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Article: 12223 of comp.protocols.kermit.misc
From: firstname.lastname@example.org (Frank da Cruz)
Subject: Case Study #23: Modem Scripting Tutorial
Date:Fri Feb 23 20:02:02 EST 2001
Organization: Columbia University
It's been a while since scripting tutorials have been posted here, but with C-Kermit 8.0 nearing release, with all its new scripting features, now seems like a good time to resurrect the practice.
Does your organization have a big modem pool? Of course (like any other big university) ours has has a pool of many hundreds of lines. As you know, phone lines aren't cheap so the annual cost of running a big modem pool is painful. Yet, even in this age of DSL and cable modems, the demand for modems never stops increasing, and therefore so do the complaints about busy signals, and the pressure to increase the capacity, and the counterpressure to contain contain costs. (Eventually some day every room will have an Internet jack and modems will have the same historical status as card punches and Teletypes, but that's another discussion -- for now DSL in the home is often not available, usually has a long wait when it is, and it's expensive).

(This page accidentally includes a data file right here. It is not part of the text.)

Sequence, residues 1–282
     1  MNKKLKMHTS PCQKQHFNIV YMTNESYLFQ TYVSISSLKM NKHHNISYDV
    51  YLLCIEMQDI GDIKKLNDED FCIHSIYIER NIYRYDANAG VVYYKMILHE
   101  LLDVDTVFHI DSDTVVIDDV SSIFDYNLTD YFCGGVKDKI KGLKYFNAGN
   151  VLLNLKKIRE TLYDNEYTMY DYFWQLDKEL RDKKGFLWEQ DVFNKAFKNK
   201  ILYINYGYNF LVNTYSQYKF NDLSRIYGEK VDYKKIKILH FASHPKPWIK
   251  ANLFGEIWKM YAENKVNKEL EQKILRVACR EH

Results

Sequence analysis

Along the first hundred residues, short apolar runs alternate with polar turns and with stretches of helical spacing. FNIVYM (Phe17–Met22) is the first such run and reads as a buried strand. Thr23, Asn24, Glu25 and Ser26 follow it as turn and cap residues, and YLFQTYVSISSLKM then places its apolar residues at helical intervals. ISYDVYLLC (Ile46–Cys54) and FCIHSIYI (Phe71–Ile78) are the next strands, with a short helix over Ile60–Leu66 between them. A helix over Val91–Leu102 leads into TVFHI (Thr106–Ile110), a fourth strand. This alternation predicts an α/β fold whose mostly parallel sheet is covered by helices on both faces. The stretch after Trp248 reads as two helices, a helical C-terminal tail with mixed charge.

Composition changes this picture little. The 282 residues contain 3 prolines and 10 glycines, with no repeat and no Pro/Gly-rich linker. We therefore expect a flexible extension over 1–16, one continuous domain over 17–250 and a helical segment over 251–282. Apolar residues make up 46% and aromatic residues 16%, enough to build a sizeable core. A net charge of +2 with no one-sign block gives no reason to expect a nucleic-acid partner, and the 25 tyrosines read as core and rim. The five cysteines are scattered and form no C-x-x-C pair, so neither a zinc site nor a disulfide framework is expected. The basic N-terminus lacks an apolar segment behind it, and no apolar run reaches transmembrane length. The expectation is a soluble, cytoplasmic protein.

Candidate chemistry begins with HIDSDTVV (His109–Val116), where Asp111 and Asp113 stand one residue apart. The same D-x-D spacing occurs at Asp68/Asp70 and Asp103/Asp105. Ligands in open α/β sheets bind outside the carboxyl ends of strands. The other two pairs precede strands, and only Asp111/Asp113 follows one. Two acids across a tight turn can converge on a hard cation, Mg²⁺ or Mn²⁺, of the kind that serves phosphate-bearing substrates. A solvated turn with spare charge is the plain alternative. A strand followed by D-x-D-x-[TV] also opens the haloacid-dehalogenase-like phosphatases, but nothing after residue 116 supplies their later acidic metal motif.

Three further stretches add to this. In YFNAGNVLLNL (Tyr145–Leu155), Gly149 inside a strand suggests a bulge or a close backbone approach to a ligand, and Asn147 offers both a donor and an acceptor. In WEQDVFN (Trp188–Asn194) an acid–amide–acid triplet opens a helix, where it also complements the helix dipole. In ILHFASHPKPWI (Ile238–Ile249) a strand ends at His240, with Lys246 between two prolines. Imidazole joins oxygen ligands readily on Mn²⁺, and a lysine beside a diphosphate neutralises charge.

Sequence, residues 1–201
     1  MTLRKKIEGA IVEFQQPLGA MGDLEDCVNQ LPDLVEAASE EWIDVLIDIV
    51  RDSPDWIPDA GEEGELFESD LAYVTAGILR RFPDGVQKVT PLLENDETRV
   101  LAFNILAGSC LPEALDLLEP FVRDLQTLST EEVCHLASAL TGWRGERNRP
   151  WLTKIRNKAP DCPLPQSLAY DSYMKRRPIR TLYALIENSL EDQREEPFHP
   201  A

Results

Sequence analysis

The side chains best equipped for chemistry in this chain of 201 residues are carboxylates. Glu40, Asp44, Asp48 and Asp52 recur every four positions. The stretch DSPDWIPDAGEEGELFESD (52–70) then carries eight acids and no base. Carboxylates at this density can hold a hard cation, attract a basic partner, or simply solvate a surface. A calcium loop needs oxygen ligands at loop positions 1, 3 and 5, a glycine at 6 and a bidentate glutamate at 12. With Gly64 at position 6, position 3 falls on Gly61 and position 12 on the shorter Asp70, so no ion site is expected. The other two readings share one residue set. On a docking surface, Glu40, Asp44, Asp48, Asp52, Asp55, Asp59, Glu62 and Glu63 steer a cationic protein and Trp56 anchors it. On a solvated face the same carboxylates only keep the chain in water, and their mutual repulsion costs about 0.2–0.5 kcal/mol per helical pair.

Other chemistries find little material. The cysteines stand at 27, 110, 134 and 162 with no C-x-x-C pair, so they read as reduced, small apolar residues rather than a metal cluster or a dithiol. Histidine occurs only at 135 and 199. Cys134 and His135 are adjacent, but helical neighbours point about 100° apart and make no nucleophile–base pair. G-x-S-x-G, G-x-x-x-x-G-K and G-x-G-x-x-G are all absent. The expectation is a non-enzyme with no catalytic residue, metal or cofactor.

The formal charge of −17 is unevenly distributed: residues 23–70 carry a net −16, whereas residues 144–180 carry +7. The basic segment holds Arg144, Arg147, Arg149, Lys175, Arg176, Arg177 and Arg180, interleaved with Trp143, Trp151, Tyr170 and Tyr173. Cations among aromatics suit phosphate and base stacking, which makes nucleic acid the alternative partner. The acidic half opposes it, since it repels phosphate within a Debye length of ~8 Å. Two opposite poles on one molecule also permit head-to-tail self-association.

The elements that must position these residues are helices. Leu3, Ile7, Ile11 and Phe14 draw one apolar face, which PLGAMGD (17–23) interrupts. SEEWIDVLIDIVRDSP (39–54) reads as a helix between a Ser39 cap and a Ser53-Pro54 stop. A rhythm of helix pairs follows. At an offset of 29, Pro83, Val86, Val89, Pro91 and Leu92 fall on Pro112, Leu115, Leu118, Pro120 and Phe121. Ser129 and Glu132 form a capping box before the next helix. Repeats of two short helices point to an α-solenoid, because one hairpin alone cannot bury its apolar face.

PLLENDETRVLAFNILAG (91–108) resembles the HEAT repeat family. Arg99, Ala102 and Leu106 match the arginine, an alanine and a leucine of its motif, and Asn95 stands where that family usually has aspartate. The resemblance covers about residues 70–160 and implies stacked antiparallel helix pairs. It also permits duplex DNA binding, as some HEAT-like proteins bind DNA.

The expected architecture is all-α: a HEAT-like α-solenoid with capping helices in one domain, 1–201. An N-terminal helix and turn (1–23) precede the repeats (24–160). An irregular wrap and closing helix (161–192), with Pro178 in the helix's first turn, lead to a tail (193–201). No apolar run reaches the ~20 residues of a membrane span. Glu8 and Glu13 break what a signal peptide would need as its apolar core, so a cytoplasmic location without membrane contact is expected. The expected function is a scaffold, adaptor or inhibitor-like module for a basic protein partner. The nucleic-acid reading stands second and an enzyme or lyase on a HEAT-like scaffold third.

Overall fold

One consequence of all this is the need to monitor and test the modem pool to make sure it's working at its best -- no broken or poorly-performing lines or servers -- plus the degree to which it is available, i.e. the answer-to-call ratio. There's a script for doing this in the Kermit script library, but it's undergone quite a few refinements in recent months as we reconfigure our modem pool, change telephone service providers, etc, and many of the refinements nicely illustrate new features of C-Kermit 8.0 (and the forthcoming next release of Kermit 95).
The script is given a list of phone numbers and a list of terminal-server names. Each list can have one or more items. Obviously the script also needs to know the details of the calling computer: serial device and/or modem name, speed, etc. The script prompts for password (because it's a bad idea to store passwords in files) and runs in a loop, performing the following actions: